April 8, 2020
Category: Press Releases
Authors: Jaclyn Casale

Renewables, Efficiency, Storage Key to Meeting Climate Goals as New York Retires Nuclear Power Plant

New research brief evaluates recent, projected growth of renewables, efficiency, storage in New York as Indian Point nuclear power plant retires

OAKLAND, CA – The Indian Point nuclear power plant in New York is shutting down, with one reactor permanently ceasing operations this month and the other in 2021. To mitigate climate impacts, New York must ensure that renewable energy and energy efficiency savings, rather than natural gas, replace the carbon-free generation from Indian Point. A new research brief by the Oakland-based energy science and policy institute Physicians, Scientists and Engineers (PSE) for Healthy Energy finds that renewables and energy efficiency growth in line with New York’s clean energy targets will contribute far more electricity than is lost from Indian Point.

In 2019, New York set legally binding targets to source 70% of its electricity from renewables by 2030 and to reduce economy-wide greenhouse gas emissions to 85% below 1990 levels by 2050. The PSE brief is the first Indian Point replacement analysis to be released since these new policies were passed, providing up-to-date clean energy growth projections in line with new state targets as well as data on renewable generation and energy efficiency savings added over the past three years.

The research brief finds that recent deployment, current development, and projected growth of renewable generation and energy efficiency in line with state targets will contribute nearly 45,000 GWh annually by 2025, almost three times the 16,000 GWh currently supplied by Indian Point. Resources like wind and solar produce power intermittently, in contrast to the consistent power provided by a nuclear plant day and night. Pairing these resources with energy storage in line with new targets, however, which call for 1,500 MW of storage by 2025 and 3,000 MW by 2030, could provide the flexibility needed to meet real-time demand. The brief notes that hourly grid modeling would be needed to determine the optimal siting and dispatch of energy storage to help renewable generation meet demand.

Given New York’s climate and clean energy targets, the brief calls into question New York’s decision to build new natural gas infrastructure. The state brought two major gas facilities totaling 800 megawatts online in 2018.  A third, the 1,020-megawatt Cricket Valley Energy Center, is scheduled to come online this year. “Expanding gas infrastructure threatens to undermine New York’s climate goals and sinks capital into facilities that may need to prematurely retire for the state to meet its decarbonization targets,” says Annelise Dillon, a PSE scientist and lead author of the research brief.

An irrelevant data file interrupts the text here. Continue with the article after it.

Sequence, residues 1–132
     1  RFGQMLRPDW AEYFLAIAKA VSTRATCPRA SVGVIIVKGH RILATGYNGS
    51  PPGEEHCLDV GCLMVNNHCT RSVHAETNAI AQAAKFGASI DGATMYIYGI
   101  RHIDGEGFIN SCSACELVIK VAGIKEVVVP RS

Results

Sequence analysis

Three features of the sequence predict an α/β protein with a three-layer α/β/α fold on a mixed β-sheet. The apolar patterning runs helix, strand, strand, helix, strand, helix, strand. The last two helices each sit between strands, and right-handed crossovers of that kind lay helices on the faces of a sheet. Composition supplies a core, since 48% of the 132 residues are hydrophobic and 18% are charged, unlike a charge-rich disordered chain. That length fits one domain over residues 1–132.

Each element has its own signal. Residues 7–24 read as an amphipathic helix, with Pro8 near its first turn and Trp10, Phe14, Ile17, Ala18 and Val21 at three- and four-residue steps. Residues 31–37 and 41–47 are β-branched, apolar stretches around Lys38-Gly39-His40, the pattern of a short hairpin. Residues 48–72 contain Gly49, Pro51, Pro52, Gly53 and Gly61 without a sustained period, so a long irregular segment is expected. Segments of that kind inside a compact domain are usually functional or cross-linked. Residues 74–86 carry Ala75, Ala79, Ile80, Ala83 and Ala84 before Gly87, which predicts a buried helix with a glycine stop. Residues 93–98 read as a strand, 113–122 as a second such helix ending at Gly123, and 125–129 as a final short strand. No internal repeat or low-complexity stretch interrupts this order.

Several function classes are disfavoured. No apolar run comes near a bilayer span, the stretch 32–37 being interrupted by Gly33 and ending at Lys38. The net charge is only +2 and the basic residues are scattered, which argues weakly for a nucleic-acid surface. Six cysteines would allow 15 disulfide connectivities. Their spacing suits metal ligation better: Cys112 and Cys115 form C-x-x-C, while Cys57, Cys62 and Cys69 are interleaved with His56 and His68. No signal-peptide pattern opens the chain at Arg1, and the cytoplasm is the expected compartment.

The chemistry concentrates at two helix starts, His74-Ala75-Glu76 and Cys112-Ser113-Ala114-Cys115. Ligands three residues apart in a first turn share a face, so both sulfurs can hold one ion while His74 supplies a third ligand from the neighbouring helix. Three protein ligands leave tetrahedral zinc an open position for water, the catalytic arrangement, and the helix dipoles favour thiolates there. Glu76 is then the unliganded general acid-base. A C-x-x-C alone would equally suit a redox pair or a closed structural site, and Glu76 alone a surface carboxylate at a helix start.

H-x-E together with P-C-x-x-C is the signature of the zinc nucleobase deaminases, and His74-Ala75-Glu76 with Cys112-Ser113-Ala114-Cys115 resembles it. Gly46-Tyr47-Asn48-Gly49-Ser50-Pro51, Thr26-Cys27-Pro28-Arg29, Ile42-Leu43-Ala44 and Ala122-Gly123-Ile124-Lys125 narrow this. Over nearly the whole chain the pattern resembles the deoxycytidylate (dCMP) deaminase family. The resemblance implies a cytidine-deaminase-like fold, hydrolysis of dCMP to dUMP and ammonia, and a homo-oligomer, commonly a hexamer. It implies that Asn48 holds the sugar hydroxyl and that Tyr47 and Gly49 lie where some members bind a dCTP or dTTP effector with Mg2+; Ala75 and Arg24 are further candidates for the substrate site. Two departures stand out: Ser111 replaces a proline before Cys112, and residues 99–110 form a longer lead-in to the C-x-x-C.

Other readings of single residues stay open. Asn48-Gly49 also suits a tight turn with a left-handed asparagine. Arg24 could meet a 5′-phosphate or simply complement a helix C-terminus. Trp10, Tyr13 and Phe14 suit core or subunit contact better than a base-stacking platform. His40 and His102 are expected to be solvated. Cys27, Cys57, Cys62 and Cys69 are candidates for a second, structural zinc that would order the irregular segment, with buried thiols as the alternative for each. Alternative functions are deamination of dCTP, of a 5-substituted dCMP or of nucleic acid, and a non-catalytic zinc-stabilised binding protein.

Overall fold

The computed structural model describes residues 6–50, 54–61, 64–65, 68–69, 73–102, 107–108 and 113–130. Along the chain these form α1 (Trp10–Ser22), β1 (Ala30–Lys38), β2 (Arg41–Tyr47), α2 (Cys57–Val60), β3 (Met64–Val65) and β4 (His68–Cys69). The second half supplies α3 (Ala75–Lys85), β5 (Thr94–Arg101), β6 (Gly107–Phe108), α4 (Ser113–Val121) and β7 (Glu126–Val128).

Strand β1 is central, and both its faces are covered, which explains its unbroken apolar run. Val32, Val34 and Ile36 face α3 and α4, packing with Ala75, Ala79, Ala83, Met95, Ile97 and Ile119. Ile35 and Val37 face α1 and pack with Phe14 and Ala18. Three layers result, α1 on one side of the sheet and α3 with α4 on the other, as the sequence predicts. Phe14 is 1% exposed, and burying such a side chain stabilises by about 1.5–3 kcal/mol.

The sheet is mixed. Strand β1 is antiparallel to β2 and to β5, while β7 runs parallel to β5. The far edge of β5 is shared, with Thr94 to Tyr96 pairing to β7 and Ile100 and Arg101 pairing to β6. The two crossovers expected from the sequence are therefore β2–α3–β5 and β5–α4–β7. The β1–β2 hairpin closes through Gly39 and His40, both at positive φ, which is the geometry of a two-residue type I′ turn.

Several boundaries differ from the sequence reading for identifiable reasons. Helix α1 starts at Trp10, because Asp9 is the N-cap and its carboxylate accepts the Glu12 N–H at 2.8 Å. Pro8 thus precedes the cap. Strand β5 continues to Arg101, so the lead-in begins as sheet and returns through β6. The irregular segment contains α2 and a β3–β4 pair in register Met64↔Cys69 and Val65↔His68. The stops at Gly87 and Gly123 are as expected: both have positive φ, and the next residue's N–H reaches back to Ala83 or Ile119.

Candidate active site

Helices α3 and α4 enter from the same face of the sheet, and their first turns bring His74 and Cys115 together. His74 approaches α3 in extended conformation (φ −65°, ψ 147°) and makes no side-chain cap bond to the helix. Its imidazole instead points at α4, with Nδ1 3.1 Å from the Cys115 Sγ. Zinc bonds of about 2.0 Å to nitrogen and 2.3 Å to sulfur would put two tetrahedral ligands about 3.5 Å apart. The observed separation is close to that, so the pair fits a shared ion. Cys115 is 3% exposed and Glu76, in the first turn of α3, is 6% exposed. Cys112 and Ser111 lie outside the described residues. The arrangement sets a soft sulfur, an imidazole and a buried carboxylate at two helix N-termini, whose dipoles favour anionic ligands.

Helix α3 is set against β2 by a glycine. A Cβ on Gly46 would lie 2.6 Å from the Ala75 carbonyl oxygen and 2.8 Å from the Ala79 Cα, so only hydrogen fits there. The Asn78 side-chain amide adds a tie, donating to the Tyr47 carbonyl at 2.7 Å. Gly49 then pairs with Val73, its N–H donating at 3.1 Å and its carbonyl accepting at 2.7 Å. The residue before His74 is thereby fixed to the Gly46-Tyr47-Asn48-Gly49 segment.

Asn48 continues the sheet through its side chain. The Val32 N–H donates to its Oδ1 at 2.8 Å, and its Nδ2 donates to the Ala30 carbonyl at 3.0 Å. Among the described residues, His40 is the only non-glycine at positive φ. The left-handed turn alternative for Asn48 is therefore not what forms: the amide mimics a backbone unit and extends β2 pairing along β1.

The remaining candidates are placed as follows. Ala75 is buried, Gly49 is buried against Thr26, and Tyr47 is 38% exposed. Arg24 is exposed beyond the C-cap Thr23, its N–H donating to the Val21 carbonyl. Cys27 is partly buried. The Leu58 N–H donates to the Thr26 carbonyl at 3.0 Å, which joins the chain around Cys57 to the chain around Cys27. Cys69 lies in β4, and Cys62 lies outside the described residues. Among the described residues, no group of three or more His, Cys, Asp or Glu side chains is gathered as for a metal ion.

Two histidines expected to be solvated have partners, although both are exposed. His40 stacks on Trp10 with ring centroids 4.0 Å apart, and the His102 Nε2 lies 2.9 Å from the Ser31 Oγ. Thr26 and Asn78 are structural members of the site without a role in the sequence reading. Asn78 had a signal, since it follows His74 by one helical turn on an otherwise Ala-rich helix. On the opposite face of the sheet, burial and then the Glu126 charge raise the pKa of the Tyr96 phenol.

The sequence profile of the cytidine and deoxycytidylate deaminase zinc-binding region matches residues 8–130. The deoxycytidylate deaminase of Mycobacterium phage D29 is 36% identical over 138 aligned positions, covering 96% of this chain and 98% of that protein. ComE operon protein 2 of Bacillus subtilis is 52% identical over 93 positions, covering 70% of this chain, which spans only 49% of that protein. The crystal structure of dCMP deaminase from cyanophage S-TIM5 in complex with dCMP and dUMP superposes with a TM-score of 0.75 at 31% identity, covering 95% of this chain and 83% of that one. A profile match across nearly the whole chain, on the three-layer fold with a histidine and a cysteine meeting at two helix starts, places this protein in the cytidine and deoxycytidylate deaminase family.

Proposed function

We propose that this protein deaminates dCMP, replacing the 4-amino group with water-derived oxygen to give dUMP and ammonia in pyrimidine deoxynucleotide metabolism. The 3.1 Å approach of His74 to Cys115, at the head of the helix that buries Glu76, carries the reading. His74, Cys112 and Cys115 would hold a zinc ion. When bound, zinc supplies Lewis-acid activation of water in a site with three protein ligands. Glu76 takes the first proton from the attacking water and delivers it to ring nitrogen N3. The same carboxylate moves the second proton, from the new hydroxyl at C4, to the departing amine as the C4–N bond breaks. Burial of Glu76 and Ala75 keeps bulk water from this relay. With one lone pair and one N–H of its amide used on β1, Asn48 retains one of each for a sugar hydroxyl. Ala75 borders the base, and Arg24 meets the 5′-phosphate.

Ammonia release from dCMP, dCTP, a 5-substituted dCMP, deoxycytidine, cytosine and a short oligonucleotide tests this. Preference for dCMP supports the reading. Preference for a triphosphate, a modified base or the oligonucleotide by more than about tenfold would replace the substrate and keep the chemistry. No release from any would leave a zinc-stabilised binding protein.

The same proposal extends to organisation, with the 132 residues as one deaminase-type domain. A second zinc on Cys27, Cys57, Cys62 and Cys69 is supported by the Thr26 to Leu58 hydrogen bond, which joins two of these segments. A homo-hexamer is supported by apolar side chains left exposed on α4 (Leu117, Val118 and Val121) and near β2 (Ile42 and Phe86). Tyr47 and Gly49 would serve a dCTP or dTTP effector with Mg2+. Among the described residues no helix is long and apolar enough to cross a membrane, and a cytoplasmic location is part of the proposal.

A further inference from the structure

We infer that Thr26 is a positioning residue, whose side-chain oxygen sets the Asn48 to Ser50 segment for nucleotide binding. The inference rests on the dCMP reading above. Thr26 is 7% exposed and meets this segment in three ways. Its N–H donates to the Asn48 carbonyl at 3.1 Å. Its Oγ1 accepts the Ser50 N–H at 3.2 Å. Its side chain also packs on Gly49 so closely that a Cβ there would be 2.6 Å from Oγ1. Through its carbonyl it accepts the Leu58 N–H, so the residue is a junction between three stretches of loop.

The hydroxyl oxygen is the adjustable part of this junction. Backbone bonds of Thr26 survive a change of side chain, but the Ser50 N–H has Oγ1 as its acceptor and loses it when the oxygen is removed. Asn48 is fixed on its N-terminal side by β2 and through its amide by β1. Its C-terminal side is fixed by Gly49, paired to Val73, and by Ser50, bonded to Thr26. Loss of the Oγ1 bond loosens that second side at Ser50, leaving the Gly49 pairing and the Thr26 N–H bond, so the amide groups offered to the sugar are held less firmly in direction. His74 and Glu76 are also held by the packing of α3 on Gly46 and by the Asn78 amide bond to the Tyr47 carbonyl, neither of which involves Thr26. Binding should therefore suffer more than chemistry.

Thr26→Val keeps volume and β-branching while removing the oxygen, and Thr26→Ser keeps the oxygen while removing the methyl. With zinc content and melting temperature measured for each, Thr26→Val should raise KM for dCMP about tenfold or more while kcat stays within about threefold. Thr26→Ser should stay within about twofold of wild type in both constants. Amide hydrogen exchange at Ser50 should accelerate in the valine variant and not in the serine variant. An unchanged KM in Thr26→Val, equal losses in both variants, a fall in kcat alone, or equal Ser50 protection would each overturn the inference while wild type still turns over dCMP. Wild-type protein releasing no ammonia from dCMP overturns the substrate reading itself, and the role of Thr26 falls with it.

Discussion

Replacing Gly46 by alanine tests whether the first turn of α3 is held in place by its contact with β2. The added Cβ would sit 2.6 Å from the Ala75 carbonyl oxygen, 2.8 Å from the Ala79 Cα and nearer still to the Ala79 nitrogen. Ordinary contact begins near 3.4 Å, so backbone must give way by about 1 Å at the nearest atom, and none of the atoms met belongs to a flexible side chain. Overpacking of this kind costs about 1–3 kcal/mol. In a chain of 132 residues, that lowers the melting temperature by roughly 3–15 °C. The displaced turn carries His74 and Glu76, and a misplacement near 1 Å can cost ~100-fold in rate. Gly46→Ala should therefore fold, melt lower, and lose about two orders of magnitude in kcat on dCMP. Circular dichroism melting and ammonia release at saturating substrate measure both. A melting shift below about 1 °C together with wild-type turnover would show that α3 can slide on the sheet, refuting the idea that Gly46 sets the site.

As these gas plants were already under construction when Indian Point’s closure was announced, they are considered to fulfill the grid reliability needs posed by Indian Point’s closure. The brief finds that local renewables, energy efficiency, and storage could have met local resource needs in their absence, however, questioning the need for new gas infrastructure to handle the nuclear shutdown.

Gas generation may increase in the short-term when Indian Point and other aging power plants close.  But that demand could likely be met by existing plants, and does not provide sufficient evidence for the state’s expansion of new gas infrastructure, the brief explains.

Although these three major gas facilities have already been built, there is still an opportunity to mitigate their impact. Rapidly deploying renewables, storage, and energy efficiency could minimize the usage of new and existing gas plants, cutting emissions and bringing the state closer to its ambitious climate targets.

The brief is careful to note that other factors could affect the feasible timeline and relative cost of decarbonizing the electricity grid following Indian Point’s retirement. High demand growth due to electric vehicle adoption and building electrification could affect the rate of renewables deployment needed to increase electricity supply while reducing grid emissions. Tightening ozone and fuel oil regulations could lead to early retirements for certain power plants in New York—particularly those meeting peak demand— likewise putting pressure on the state’s electricity supply.

To meet climate targets while electrifying buildings and cars, New York will need to think ahead as other nuclear and fossil fuel-based power plants retire across the state.

Deploying renewables, efficiency, storage, and demand response to replace retiring generation will do more than meet the state’s climate targets. “These resources could improve local air quality by reducing co-pollutants from natural gas plants that are harmful to human health. They could also enhance grid resilience by providing backup power to communities in the case of natural disasters or other emergencies,” Dillon explains.

Access the research brief here.

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Physicians, Scientists and Engineers (PSE) for Healthy Energy is a nonprofit research institute dedicated to supplying evidence-based scientific and technical information on the public health, environmental and climate dimensions of energy production and use. We are the only interdisciplinary collaboration focused specifically on health and sustainability at the intersection of energy science and policy. Visit us at psehealthyenergy.org and follow us on Twitter @PhySciEng.

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